Former Number 26Jigen-ji temple
History of the temple
Kyūkokuzan Kannon-ji, main statue Jūichimen Kannon, temple number 26 of Ise Pilgrimage.
Wind from the peak that shakes the cedars, the sound of the river flowing in the valley, all of this will bring new life for sure.
The predecessor to Jigen-ji was a temple called Kannon-ji, which stood in the northwest from a village of Sugitani valley. It was a famous temple belonging to Tendai sect of Buddhism. But after it was burned by the troops of Oda Nobunaga (later regarded as the first “Great Unifier” of Japan) in the second half of 16th Century, the temple has moved to the village’s precinct.
In the 19th Century, Meiji government’s law of the separation of Buddhism and Shintoism (shinbutsu bunri) and the Grand Council of State’s proclamation of abolition of Buddhism led to anti-Buddhist movement in Japan. As a result temples that stood in Sugitani village: Kannon-ji, Injō-ji and Endō-ji were merged into one temple called Kannon-ji. Kannon-dō hexagonal hall which stands on the mountain was also included as Kannon-ji’s inner sanctuary. Some time later, the Grand Council of State ordered the closing of the temples which did not have an abbot or there were no official supporters. Kannon-ji lacked both of them and as a result it had to be closed. The main statue was moved to Shōgen-ji in Kuwana.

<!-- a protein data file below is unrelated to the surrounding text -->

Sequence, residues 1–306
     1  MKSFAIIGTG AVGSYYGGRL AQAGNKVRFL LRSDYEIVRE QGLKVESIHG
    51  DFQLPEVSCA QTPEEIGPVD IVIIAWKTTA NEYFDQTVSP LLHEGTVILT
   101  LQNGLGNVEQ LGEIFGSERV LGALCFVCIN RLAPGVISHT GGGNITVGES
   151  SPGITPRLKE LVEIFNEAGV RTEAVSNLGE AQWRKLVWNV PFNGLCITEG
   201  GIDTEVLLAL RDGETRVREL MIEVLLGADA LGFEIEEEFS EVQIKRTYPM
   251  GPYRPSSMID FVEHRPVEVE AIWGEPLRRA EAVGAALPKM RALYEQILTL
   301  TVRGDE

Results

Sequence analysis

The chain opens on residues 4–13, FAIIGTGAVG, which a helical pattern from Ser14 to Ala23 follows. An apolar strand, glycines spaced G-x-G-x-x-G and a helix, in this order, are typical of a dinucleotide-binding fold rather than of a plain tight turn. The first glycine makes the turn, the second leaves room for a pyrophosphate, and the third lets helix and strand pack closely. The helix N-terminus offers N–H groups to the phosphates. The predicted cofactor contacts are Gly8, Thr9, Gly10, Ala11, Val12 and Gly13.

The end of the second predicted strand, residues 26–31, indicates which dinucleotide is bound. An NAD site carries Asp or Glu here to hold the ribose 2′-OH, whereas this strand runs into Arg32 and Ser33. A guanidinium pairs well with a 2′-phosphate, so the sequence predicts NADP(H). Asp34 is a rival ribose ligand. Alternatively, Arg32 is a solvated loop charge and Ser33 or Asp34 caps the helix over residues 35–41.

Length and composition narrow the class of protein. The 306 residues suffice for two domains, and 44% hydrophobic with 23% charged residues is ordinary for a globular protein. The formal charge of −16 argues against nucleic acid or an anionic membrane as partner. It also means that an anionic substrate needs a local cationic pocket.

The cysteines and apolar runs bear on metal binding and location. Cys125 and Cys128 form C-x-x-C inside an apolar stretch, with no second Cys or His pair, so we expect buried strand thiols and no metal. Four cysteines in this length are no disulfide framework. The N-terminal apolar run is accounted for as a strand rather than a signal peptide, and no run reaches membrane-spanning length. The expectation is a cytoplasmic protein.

Kannon-ji was a temple with a long history and big community of worshipers. They were saddened to lose it and decided to raise funds for the reconstruction of their temple. Next they found a temple in Uji Yamada called Jigen-ji. It was allowed to operate, but was about to be closed soon. Thanks to the efforts of people from Sugitani village, Jigen-ji agreed to pass the name to Kannon-ji and by doing so giving a chance for it to be reconstructed. An official allowance from the prefectural government was issued in December 1887 and Kannon-ji was reborn as Jigen-ji.
The condition of the 250 years old Main Hall of Kannon-ji was very poor and it had to be rebuilt. In September 2000 construction works have finished and a ceremony to commemorate the completion of the new Hall was held. The main statues of Jigen-ji: Buddha Amida (Buddha of Infinite Light) and Jūichimen Kannon (Eleven-Faced Kannon) are both main statues of the old Kannon-ji and they were both made in the beginning of 13th Century. The plate which hangs at the Main Hall and has the temple’s name written on it is also an old plate used for centuries in Kannon-ji temple.